Dear Ellie: I’m a man, 37, still trying to find his way through life.
Last year, I suddenly lost my father, 64, to a heart attack. This made me think — about what I have and have not accomplished in my life. I still live in my parents’ home, with my mom. I have a job that I enjoy, but I’m not earning the money I’d like.
During my teens and 20s I worked hard, saving as much as possible. I was able to put myself through college. I worked as a designer but never found my niche.
I returned to school for recreation and fitness courses. Over five years working for a municipality, I earn only $30,000 a year.
Family and friends urge me to attend teachers’ college but I need to get full-time work and get on with life.
I’m quite tentative when it comes to dating. It’s been 10 years since I’ve been in a steady relationship. I’m afraid to express all of this to whomever I’d be dating.
I feel like I’ve done everything I was supposed to and still find myself in this position. I welcome your advice.
A Broken Man
You’re not broken, you’re an adult son grieving your father’s death. So have countless people, including me, whose parent died too young.
You were a good son who adopted family values that you respected. But the times during which you sought results, were different from your father’s times. Each generation has different challenges — economies change, and affect incomes. Lifestyles change, too.
You’re still young enough to take on new challenges. But first, deal with your grief.
Your sadness is directing you to move forward in your life. Consider your interests, skills, goals. Seek a career counsellor online (for even one session) and be open-minded. Try attending grief counselling (free at some community and/or religious centres). And begin socializing gently with trusted friends — it will improve your spirits.
Above all, do not give up on yourself.
Reader’s Commentary regarding the woman whose husband suddenly said, “it’s over, there’s someone else.” (March 17):
“My divorce is consensual, though not my choice. Luckily, I have a great relationship with my ex and our kids are grown up adults.
“So, reading about that woman, I feel her pain. However, your advice to her is so right on I have to tell you how much I agree.
“There IS life after divorce and I’m experiencing that now myself, after health issues including severe depression that resulted in a change in medication that gave me a new lease on life.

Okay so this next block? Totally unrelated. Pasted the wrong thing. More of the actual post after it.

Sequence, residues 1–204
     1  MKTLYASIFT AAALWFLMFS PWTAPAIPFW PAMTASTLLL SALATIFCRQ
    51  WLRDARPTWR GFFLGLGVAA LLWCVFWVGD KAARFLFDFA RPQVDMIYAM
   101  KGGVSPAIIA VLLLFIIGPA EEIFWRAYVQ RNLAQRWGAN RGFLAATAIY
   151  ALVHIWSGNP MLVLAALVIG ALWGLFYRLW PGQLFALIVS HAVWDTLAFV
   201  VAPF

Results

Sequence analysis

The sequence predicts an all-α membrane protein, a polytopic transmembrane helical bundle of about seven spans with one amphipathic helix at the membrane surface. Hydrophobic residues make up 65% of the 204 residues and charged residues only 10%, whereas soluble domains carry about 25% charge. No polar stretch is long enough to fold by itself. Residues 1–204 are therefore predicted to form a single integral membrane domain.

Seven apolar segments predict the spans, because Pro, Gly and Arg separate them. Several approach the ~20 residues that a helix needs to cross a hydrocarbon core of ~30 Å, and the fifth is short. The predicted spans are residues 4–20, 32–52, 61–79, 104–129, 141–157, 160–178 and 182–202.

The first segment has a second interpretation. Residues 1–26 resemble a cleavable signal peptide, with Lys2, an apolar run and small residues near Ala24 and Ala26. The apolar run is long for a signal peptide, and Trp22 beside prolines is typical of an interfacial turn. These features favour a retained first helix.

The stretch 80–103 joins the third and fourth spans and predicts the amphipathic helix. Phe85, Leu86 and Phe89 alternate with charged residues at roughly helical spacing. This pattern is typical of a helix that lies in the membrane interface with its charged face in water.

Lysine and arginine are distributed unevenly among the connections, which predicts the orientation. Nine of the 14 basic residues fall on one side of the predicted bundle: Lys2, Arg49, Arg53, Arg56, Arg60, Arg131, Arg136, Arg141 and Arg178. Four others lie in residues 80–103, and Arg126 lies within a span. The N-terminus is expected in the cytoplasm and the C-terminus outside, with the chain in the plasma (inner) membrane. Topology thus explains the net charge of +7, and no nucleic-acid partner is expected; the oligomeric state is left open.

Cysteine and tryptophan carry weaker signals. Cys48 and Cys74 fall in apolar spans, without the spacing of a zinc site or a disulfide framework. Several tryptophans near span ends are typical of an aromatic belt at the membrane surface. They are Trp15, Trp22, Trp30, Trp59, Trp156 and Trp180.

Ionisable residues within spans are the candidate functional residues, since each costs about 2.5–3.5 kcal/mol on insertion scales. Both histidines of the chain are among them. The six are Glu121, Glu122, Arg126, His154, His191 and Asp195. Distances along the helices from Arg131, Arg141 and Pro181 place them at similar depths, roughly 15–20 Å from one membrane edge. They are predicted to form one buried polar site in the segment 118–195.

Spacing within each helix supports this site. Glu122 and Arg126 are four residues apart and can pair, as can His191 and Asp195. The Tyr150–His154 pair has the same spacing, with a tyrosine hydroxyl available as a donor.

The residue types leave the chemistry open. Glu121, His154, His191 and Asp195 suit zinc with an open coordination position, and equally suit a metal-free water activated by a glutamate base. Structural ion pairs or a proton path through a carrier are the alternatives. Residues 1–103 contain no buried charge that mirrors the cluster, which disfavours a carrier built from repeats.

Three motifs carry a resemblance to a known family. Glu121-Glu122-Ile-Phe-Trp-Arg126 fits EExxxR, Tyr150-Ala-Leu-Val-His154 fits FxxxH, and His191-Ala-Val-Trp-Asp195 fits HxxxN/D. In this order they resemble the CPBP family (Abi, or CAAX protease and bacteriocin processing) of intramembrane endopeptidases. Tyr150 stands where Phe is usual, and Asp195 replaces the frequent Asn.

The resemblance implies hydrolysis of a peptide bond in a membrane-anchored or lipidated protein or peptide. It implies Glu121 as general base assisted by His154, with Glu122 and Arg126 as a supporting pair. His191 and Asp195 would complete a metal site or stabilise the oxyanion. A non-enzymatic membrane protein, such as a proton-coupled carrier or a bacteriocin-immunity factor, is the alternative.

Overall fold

“I’m happy again despite lots of challenges ahead. I even hope to find a new companion one day, and continue with the things I love doing.
“Great to read your columns.”
Readers Commentary: “I had a lifetime close friend. Her family became my family. Eight years ago, she was diagnosed with Alzheimer’s, and spent her final five years in care.
“We regularly spent time with her. We held her hand, sang, talked about the good old days, and often laughed. We had no way of knowing whether she was aware of anything.
“My friend died two years ago. I often think of her, feeling some sadness and much joy. Her family’s still my family. Mostly, I feel an abundance of satisfaction and gratitude.
“Once a good friend, always a good friend.”
My husband has two married brothers. My sisters-in-law and I are similar ages and we all work full-time. Yet, the other two know each other longer and always huddle together at family events, making me feel like an outsider.
We all have children, so are also equally busy in our home lives. But they’re much closer with each other than with me. I learned only when my husband was out with his brothers, that the two families are going on a week’s vacation together. We weren’t invited.
My husband said it’s because they know this is his busy work period as an accountant, during tax season. But I feel they should’ve made the gesture to treat us as equal “family.” Your thoughts?
Hurt by Sisters-in-Law
The women’s behaviour is childish. However, the brothers’ “tax season” excuse is appropriate. Decide whether you really want to be closer with these women, and do everything as a group? Or enjoy your family’s independence.
Ellie’s tip of the day
A parent’s death can shake stability and self-confidence. Grief counselling helps to regain perspective.
Send relationship questions to firstname.lastname@example.org.